Oliva got her chance partly thanks to Miñoso, the Cuban comet.
“I have been so blessed, so lucky,” said Oliva, who turned 84 four days ago. “I appreciate it very much. I would like to say thank you to all these friends, all these wonderful friends, all these friends from all over the world. I appreciated it very, very much.”
Miñoso grew up on a sugar cane plantation and played weekend ball as a kid and became a star with the New York Cubans in the black leagues before becoming the first black Latino player in the major leagues in 1949, two years after Jackie Robinson broke in. For Cuban players, Miñoso was the Jackie Robinson of Latin America and played for the White Sox in the 1950s. He was a nine-time All-Star and finished his career with 2,110 hits and a batting average of .299. He died in 2015.
“From a humble ranch in Cuba to the National Baseball Hall of Fame, what a way to honor such a remarkable life and serve in the sport he loved. He would have been so proud to be a Hall of Famer” , said his wife, Sharon.
Irene Hodges spoke on behalf of her father, a hard-hitting first baseman who had 370 home runs and 1,274 RBIs in 18 major league seasons — all but the last two with the Dodgers. He retired in 1963 and five years later was hired to manage the Mets, leading them in 1969 to their unlikely World Series victory over the Baltimore Orioles before dying of a heart attack three years later. at 47 years old.
“He would be so proud. Today I am especially happy for my mother,” said Irene Hodges. “When the call came from the Hall of Fame…I started sobbing probably as much as when I lost my father. I was so happy for him, and even thrilled that my mother at 95 could hear this My mom is watching today from our home in Brooklyn.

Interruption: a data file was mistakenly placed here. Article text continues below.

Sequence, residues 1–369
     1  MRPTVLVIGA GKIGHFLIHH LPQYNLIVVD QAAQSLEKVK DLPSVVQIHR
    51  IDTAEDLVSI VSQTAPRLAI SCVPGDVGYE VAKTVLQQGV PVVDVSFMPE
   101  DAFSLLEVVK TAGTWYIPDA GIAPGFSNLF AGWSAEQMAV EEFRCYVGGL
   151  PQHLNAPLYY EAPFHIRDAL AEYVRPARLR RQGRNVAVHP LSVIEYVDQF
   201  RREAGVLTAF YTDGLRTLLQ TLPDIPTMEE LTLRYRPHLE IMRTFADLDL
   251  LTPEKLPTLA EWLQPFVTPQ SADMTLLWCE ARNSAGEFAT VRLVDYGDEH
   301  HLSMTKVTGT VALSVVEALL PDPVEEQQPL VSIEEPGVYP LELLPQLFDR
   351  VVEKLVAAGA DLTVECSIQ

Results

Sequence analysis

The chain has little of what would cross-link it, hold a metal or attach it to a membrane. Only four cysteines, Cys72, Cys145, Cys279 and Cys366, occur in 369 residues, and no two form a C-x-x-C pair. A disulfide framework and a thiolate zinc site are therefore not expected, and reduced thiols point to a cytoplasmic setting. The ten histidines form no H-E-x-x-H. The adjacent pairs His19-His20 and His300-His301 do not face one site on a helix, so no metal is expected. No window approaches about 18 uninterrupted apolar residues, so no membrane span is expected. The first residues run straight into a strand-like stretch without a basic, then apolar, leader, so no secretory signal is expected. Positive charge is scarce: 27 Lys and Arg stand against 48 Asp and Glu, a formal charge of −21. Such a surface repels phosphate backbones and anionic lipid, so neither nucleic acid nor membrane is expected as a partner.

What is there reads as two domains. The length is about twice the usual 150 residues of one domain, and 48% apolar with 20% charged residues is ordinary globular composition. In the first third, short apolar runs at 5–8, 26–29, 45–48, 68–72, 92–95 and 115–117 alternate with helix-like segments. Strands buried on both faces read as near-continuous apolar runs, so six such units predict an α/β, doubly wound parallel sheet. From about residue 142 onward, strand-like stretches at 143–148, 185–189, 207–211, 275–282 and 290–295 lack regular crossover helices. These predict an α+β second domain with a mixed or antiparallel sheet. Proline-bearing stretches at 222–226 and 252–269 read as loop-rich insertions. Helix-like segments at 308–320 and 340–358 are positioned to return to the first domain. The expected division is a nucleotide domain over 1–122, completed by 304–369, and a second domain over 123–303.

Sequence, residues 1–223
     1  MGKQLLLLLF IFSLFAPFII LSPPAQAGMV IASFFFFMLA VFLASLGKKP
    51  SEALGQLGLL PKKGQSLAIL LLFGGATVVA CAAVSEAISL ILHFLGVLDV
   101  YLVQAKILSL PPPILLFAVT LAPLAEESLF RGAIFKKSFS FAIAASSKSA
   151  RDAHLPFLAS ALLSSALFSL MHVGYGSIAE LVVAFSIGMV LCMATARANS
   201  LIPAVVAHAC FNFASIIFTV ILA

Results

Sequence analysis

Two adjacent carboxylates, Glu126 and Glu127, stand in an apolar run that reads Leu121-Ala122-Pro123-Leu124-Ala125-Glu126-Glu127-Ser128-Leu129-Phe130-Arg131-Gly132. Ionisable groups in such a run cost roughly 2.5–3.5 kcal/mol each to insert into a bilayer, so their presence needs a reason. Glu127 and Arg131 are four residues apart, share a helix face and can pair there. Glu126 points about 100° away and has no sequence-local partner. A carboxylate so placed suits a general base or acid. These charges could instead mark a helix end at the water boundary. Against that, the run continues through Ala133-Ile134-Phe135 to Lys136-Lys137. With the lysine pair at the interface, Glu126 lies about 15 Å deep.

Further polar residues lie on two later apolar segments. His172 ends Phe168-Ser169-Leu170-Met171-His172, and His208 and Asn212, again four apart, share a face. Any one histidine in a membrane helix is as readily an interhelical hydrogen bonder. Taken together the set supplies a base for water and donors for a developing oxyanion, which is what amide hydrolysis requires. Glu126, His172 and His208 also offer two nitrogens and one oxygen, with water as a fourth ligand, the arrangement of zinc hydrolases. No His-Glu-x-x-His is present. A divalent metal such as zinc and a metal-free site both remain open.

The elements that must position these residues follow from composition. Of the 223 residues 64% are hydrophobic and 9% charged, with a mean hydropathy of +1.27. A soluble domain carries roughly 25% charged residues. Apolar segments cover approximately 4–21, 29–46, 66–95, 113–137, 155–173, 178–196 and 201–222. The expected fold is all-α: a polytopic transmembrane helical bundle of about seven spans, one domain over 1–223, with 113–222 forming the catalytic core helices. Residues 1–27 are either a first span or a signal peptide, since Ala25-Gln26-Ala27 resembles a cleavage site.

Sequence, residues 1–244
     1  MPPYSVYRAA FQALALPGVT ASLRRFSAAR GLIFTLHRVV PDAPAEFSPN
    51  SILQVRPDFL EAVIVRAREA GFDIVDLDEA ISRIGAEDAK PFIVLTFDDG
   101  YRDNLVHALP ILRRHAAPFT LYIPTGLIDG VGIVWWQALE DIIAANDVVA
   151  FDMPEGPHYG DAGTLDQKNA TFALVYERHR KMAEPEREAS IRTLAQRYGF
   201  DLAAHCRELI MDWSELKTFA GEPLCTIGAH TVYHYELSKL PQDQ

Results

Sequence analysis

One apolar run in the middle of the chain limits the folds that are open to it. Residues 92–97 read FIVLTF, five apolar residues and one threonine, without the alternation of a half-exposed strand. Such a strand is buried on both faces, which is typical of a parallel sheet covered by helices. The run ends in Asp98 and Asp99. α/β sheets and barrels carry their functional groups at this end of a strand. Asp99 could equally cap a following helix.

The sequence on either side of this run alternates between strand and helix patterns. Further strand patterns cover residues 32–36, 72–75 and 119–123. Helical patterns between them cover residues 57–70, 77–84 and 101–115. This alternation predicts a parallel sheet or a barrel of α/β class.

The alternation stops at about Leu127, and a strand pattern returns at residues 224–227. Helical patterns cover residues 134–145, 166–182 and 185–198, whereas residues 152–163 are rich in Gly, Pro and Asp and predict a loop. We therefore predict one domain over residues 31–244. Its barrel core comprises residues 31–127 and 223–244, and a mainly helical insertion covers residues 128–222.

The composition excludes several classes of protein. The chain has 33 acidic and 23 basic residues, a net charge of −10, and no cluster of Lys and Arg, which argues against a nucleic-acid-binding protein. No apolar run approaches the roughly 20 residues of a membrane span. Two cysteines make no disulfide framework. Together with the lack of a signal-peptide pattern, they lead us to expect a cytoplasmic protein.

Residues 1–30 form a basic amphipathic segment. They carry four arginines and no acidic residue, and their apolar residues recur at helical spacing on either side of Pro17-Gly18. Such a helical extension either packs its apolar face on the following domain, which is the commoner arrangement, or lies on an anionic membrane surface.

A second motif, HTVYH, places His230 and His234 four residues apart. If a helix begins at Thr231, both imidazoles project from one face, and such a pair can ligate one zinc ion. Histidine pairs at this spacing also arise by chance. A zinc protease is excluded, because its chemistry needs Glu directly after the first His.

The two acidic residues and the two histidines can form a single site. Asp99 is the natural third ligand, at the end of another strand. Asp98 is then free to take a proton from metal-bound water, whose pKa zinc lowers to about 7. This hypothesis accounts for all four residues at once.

O’Neil, who played for the Kansas City Monarchs in the black leagues and was a tireless defender of the game until his death in 2006, was represented by a niece, Dr. Angela Terry.
“He would remind us all that his playing career was in the black leagues and today he was inducted into the same class as a black baseball pioneer, Bud Fowler, and a former black league star, Minnie Miñoso,” Terry said. . “Dude, oh dude. Nothing better. Thank you for loving our uncle.
Hall of Famer Dave Winfield has paid tribute to Fowler, the first black man to play on a white professional team nearly seven decades before Robinson broke the color barrier with the Dodgers. Fowler is also the first person from the Cooperstown area to receive this honor. He was born in Fort Plain, but grew up in Cooperstown, where he learned to play.
A second baseman who batted just over .300 in 13 seasons, Fowler was signed at age 20 by an all-white Massachusetts professional team in 1878. It was the start of a 13-year career that saw him seen playing for 18 teams, including four in a year, the constant moves are a direct reflection of the racism he had to endure.
“I ask you to remember Bud Fowler in a broad context,” Winfield said. “Remember him as a talented athlete who endured odds hard to imagine today. Personally, I hope you all see him as a man who loved baseball from its inception.